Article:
The left is likely to dominate the 21st century, and there is little the right can do about this except adapt. This seems counter-intuitive in light of the modest success the left has enjoyed since the great financial crisis of 2008-09. Though Democrats have done well in recent presidential elections, progressives have found themselves unable to move their most important policies forward, suffering through an endless series of battles with a determined and extreme Republican party. This has only been exacerbated by stunning Republican gains in recent congressional elections.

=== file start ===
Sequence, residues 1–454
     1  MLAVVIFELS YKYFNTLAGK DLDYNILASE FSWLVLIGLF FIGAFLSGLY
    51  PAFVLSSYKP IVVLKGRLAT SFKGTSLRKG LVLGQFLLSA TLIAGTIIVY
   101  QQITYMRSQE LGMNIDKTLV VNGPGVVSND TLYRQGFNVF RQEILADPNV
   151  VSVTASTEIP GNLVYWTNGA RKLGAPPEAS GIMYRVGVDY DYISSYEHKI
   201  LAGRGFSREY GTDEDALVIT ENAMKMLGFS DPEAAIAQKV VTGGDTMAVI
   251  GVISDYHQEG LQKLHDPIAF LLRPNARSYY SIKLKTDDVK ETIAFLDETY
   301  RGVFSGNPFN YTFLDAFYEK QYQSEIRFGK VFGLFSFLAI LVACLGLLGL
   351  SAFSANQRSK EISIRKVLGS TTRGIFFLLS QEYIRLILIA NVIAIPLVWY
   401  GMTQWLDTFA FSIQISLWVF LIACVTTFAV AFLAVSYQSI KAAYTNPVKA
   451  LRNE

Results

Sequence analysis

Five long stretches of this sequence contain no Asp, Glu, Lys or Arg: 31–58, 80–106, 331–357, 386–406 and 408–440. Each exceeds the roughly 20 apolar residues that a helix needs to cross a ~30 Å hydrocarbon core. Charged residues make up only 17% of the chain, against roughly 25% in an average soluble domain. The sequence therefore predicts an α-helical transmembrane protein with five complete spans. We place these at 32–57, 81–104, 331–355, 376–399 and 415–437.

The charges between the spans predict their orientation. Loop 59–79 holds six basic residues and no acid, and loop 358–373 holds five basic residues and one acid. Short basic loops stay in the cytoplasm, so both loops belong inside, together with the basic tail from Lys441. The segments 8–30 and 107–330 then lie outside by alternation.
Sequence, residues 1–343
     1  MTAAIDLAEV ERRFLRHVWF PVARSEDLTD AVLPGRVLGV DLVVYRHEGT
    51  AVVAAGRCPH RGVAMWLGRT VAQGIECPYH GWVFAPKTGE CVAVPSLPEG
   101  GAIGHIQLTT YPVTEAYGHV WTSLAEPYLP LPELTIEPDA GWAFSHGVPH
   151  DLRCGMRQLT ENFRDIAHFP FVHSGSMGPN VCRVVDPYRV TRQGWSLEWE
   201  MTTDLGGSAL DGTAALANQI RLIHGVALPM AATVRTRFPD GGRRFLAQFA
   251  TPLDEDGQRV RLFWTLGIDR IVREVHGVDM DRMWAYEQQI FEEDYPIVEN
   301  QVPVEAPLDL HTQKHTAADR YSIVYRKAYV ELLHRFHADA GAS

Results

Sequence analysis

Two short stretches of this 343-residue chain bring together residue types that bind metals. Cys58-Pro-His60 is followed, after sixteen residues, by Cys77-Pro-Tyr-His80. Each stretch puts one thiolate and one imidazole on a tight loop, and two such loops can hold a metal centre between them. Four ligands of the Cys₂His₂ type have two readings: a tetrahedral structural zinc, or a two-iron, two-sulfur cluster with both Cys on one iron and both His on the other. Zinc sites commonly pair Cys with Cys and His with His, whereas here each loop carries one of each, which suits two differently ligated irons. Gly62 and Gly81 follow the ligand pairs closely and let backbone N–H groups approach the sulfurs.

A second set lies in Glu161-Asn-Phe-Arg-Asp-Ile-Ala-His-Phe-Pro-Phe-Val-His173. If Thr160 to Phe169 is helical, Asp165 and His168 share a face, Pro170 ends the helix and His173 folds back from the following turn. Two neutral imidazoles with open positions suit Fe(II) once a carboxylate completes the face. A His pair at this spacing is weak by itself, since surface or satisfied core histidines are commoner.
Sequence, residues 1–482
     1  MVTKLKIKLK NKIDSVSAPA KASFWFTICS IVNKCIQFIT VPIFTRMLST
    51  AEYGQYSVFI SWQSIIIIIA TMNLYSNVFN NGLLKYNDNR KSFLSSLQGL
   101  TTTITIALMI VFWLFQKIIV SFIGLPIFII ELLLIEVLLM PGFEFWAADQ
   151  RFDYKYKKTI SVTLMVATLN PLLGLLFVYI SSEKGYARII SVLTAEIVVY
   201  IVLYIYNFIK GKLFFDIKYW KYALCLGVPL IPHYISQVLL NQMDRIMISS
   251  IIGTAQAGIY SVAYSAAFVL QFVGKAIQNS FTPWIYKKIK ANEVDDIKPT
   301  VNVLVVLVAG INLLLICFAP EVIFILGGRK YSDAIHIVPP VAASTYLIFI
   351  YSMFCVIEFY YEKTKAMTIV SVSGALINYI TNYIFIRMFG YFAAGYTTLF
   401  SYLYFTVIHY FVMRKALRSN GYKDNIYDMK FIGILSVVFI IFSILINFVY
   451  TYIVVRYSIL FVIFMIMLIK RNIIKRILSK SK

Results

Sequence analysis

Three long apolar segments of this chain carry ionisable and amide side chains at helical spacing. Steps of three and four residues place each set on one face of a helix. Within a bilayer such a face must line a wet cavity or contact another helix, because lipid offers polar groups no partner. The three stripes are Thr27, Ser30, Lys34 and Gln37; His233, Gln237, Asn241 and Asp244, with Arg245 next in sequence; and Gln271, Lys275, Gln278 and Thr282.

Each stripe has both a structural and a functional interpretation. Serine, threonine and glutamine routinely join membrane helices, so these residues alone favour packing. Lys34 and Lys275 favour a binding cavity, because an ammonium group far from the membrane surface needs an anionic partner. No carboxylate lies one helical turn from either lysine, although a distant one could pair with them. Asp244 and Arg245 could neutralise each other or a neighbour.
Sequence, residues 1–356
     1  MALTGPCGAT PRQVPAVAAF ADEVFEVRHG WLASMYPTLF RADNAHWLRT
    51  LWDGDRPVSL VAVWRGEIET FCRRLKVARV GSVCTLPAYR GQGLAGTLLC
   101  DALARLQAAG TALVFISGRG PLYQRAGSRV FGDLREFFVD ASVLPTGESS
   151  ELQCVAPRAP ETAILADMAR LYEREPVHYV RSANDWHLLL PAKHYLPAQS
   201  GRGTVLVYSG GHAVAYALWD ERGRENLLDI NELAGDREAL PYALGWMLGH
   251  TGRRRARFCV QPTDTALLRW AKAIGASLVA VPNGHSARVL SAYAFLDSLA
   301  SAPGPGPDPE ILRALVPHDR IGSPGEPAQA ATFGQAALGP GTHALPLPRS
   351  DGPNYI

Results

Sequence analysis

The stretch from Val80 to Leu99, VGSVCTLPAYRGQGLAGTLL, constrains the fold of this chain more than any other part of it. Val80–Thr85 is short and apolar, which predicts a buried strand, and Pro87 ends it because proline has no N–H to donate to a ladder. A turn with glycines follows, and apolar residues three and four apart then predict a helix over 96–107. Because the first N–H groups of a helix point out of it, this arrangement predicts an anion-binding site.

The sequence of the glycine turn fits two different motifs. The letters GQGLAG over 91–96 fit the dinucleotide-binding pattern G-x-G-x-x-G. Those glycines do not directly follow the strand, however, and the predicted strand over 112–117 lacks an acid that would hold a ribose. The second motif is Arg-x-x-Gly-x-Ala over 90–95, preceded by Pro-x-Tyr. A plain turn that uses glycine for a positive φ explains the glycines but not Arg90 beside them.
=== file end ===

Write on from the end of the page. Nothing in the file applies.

But this short-sighted perspective overemphasizes the role of crisis and underestimates the role of long-term fundamental change. Ruy Teixeira's The Optimistic Leftist takes a look at the structural and economic shifts remaking advanced societies and shows that the left is in a far better position to advance its agenda than the right. Eventually, the right will be forced to play on the left’s terms to be competitive.
This is because only the left has growing, not declining, coalitional strength and only the left is willing to confront and solve capitalism’s “Piketty problem” (a vicious cycle of rising inequality, stagnating living standards and slowing economic growth) by building a new equitable-growth “opportunity state.”